Tuesday, June 24, 2014

Fathomless by Jackson Pearce

Source: Publisher
Celia Reynolds is the youngest in a set of triplets and the one with the least valuable power. Anne can see the future, and Jane can see the present, but all Celia can see is the past. And the past seems so insignificant -- until Celia meets Lo.
Lo doesn't know who she is. Or who she was. Once a human, she is now almost entirely a creature of the sea -- a nymph, an ocean girl, a mermaid -- all terms too pretty for the soulless monster she knows she's becoming. Lo clings to shreds of her former self, fighting to remember her past, even as she's tempted to embrace her dark immortality.
When a handsome boy named Jude falls off a pier and into the ocean, Celia and Lo work together to rescue him from the waves. The two form a friendship, but soon they find themselves competing for Jude's affection. Lo wants more than that, though. According to the ocean girls, there's only one way for Lo to earn back her humanity. She must persuade a mortal to love her . . . and steal his soul.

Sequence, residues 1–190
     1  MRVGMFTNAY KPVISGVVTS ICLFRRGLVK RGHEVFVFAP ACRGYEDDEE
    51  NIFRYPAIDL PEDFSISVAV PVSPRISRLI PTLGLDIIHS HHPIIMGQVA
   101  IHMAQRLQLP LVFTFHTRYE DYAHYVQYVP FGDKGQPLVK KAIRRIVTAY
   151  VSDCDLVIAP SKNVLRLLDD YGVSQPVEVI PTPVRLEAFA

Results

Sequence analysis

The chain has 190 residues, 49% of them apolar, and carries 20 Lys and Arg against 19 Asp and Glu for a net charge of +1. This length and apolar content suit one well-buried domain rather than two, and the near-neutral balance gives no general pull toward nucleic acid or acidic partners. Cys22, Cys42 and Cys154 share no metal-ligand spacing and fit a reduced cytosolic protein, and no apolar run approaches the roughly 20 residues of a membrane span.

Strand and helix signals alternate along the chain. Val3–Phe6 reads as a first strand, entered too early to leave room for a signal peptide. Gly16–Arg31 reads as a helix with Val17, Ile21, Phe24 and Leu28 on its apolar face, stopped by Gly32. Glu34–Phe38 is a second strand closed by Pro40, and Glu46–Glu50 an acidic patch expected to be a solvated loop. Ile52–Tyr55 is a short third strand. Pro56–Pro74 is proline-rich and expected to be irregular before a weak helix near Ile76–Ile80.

I love this series. Pearce creates such dark,  but complicated retellings of fairy tales and I just need more. Celia was such a sweet character and I understood her character a lot. Her sisters were harder to understand, but I still found them to be entertaining. I liked how they blended together, because sisters tend to be very similar yet slightly distinct. I like Lo too. The romance in the story was beautiful and I liked that Pearce made the plot surprising and enjoyable. The plot drew me in and enchanted me into wanting to read more.  I find her originality to be amazing and the story was well crafted as a result. Pearce crafts another beautiful retelling of a fairy tale and I can't wait to read more books along this way. If you have enjoyed her other books, you must read this one now. It is very similar to Sisters Red and Sweetly and dives deeper into the story.